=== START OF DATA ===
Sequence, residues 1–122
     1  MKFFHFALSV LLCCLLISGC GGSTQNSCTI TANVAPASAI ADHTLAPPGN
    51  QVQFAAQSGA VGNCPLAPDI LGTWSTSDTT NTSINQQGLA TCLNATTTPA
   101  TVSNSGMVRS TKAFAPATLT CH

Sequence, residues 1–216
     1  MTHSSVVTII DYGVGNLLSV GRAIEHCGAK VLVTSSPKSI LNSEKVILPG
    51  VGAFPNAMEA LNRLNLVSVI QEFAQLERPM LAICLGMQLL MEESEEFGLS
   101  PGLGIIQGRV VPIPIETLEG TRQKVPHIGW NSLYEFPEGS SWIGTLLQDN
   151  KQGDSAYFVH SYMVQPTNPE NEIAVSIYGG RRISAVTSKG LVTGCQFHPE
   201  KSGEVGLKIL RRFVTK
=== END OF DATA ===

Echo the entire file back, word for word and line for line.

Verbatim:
Sequence, residues 1–122
     1  MKFFHFALSV LLCCLLISGC GGSTQNSCTI TANVAPASAI ADHTLAPPGN
    51  QVQFAAQSGA VGNCPLAPDI LGTWSTSDTT NTSINQQGLA TCLNATTTPA
   101  TVSNSGMVRS TKAFAPATLT CH

Sequence, residues 1–216
     1  MTHSSVVTII DYGVGNLLSV GRAIEHCGAK VLVTSSPKSI LNSEKVILPG
    51  VGAFPNAMEA LNRLNLVSVI QEFAQLERPM LAICLGMQLL MEESEEFGLS
   101  PGLGIIQGRV VPIPIETLEG TRQKVPHIGW NSLYEFPEGS SWIGTLLQDN
   151  KQGDSAYFVH SYMVQPTNPE NEIAVSIYGG RRISAVTSKG LVTGCQFHPE
   201  KSGEVGLKIL RRFVTK